Up (2009)

Posted by on Dec 30, 2011 in Fantasy/Adventure | 0 comments


Disclaimer: A lot more deaths than are typical of Disney, one of which is the saddest since Bambi’s mom.

Up is one of the most unexpected delights ever brought to screen, and in the realm of movies conventionally thought to be intended for youths, may also be the single greatest of its kind to speak to adult couples. But therein also lies a double-edged sword. Kids will most definitely fail to share the same overwhelming enthusiasm of their adult counterparts. They just won’t connect on the same level. That “level” being the title of this collection. In terms of “feeling like a kid again,” Up is a masterpiece.

A frumpy and shy youngster sits in a theater watching a newsreel in what we can only assume precedes an adventure serial in a Saturday matinee. It seems this youngster is infatuated with explorer Charles Muntz (Christopher Plummer), wearing a flight hat and goggles that most closely resemble the real-life hero. He wears them everywhere, using his imagination to create mini adventures in his everyday life and mimicking Muntz’s signature catchphrases and movements.

Even when the scientific community declares Muntz a phony, the boy’s passion never subsides. Instead, he vows to become an explorer himself. It is around this time that the youngster meets a counterpart, an adorably quirky, endlessly courageous, and hilariously talkative young girl who has the same affinity for Muntz, flight, and exploration. (She’s a perfect match to his cowardice and silence.) Together, they become the sole members of an imaginary club in which they log their adventures in a scrapbook.

In one of the most masterful montage sequences of the past 50 years, the duo gets married, fixes up a small house, and does all the lovey dovey stuff couples do. She works with animals, and he with balloons. They decide to have kids. She’s infertile. They decide on the adventure route, and save money. But life happens … as does death.

If you’re not easily wowed by the power of cinema, Up will be the one that finally does the trick. I can damn near guarantee that you’ll be in tears within 10 minutes. Up has the most tearjerker opening in the history of film. Period. And most of it is done without a single word of dialogue. If you aren’t impressed by that amazing bit of filmmaking, then nothing will impress you. Jerk.


Now, decades later, Mr. Fredricksen (Ed Asner) spends his days alone. And cantankerous. Just waiting to die. Regretting a life not spent following the dream he and his wife planned together. He’s the kind of character every neighborhood has – the one who yells at kids that step in his yard and is eventually forced to move into a retirement home. It sounds like a bummer of a movie, but don’t worry. It turns around once a determined boy scout (Jordan Nagai) arrives at his door, and they’re suddenly thrust into an unexpected adventure.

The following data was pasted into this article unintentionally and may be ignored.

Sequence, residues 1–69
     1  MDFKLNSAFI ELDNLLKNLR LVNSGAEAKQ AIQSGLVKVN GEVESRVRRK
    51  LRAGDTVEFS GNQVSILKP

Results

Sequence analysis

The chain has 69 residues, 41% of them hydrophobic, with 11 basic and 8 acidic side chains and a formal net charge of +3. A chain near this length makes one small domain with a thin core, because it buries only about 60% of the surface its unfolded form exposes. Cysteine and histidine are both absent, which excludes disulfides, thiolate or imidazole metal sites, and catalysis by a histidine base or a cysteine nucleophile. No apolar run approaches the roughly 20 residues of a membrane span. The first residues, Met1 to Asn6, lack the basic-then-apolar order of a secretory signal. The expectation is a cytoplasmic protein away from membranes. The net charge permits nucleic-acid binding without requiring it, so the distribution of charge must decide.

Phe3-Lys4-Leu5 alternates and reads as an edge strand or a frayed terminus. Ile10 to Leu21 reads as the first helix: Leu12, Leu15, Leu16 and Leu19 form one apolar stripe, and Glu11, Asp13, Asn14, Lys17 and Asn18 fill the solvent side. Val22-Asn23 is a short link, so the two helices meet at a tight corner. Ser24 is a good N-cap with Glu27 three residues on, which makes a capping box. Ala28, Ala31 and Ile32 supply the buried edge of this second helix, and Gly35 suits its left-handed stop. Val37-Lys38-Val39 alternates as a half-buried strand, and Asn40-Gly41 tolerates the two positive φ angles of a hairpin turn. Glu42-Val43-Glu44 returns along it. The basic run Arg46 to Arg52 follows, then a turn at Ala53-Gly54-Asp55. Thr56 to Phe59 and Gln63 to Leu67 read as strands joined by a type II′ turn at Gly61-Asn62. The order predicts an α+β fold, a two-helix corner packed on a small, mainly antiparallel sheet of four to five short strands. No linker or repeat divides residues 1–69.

With this unlikely duo on a long, up3strange trip, this is Pixar’s attempt at a road movie; both characters have a great deal to learn from each other as they fight and banter. The kid needs a father figure, and the fogey needs … well … anyone. But it’s obviously more of a traditional adventure.

As usual, this is another visual delight from Pixar, starting with the moment thousands of balloons lift Mr. Fredricksen’s inner-city home, to the final moments in a lush jungle. It is likewise a delightful dark comedy, with moments to lighten the mood such as Mr. Fredricksen’s sinister daydream about how he can get rid of the scout.

Kids will find appeal in a colorful, rare bird and a pack of talkative dogs (mostly Dug, voiced by co-director Bob Peterson). Young-uns will find them a riot, no doubt, but I found them rather annoying after a while and their gags pretty cliché. (Though I gotta admit, the line “I just met you … and I love you” was pretty good.)

Also co-directed by Monsters Inc.’s Pete Docter, and drawing inspiration from Sir Arthur Conan Doyle’s Lost World, Up has a little bit of something for kids and teens, and a lot of something for anyone looking to feel like a kid again.

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